Ancient fen thrives on modern technology: A unique wetland is now a national nature reserve. Oliver Gillie reports

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The Independent Online
WICKEN FEN, a magical area of sedge moor and still pools, was yesterday declared to be a national nature reserve. Sometimes described as one of the last pieces of natural fenland in East Anglia, its naturalness is now preserved by highly artificial means. A plastic membrane 12ft deep surrounds much of it to conserve the water, which would otherwise leak into surrounding farmland.

Within this boundary a treasury of strange plants grow, including hornwort, a flowering plant that lives entirely submerged, and the insectivorous bladderwort which bears its flowers on shoots poking out of the water. The fen, acquired by the National Trust in 1899, is decorated by water lilies, bulrushes and yellow flag (iris) and is the home of 16 species of dragonfly, a variety of lizards, and the slowworm.

Wicken Fen has been shaped for centuries by man's activities in gathering peat for fuel, and sedge and reed for thatching. This created a diversity of environments in which wildlife flourished. However, cutting of sedge ceased around the turn of century and the area was invaded by scrub. Traditional human activities will continue at the reserve to conserve the environment as formed by man.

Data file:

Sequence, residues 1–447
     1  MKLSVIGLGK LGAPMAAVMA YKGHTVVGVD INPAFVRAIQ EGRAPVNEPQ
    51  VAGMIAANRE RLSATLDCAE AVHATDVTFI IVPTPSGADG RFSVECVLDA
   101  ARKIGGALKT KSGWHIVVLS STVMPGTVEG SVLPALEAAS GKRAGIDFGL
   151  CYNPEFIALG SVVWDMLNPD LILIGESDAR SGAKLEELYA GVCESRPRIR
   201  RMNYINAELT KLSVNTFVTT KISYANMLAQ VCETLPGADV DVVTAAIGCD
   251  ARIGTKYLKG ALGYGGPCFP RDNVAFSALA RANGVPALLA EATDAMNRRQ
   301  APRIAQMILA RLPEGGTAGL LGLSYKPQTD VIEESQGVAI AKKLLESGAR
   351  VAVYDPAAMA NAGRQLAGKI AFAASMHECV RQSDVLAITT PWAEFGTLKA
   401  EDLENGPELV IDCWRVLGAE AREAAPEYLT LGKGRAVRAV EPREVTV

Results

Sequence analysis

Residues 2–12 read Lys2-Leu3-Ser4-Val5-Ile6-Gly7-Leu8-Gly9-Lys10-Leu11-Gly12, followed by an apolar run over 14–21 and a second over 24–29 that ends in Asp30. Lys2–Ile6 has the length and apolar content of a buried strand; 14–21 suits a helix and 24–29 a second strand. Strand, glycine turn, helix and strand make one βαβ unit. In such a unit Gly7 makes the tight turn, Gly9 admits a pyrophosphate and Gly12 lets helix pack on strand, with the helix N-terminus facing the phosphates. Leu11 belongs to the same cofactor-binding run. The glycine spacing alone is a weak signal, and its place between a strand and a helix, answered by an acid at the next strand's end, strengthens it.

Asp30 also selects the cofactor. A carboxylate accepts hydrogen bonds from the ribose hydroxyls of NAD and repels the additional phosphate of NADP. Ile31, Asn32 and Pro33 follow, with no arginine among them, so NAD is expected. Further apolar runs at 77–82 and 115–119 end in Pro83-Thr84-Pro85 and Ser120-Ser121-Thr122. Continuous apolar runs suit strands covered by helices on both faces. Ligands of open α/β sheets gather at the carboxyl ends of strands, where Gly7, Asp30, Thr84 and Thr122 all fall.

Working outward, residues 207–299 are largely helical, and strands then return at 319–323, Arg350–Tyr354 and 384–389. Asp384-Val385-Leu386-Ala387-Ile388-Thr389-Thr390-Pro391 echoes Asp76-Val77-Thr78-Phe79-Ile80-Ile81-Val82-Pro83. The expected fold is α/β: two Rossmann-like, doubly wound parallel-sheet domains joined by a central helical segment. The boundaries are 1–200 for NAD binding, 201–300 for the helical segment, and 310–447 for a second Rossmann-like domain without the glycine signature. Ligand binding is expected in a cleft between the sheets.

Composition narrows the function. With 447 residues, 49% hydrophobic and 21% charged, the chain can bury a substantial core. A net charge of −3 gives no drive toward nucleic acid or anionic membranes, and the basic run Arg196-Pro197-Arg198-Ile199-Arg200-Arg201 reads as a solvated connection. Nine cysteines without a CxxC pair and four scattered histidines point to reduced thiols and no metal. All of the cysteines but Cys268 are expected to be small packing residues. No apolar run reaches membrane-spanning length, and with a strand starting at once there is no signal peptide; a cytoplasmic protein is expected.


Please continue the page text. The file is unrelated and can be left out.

The installation of the plastic membrane has had a dramatic effect on the plant life. The water level in the fen has risen and sedge and other wetland plants are thriving. Two rare species of plant, the fen violet and the fen ragwort, are expected to flourish as a result of the rising water table.

Tim Bennett, warden of the Cambridgeshire reserve, said: 'The vegetation is growing so luxuriously this year that we have not been able to open some of the paths yet. It is very difficult to penetrate some areas because it is so thick. The wild parsley (a white umbelliferous plant resembling the wild carrot) is flourishing as never before. We are delighted because it is the food plant of the swallowtail butterfly, which we are going to reintroduce later this year as part of a species recovery programme.'

(Photograph omitted)

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